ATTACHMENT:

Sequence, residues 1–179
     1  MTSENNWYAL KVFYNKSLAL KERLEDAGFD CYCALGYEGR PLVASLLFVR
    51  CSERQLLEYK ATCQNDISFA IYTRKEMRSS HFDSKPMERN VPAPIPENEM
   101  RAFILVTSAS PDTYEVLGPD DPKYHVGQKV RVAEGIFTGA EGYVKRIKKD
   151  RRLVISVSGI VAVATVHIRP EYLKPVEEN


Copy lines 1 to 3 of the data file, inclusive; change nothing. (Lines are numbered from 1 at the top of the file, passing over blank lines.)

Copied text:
Sequence, residues 1–179
     1  MTSENNWYAL KVFYNKSLAL KERLEDAGFD CYCALGYEGR PLVASLLFVR
    51  CSERQLLEYK ATCQNDISFA IYTRKEMRSS HFDSKPMERN VPAPIPENEM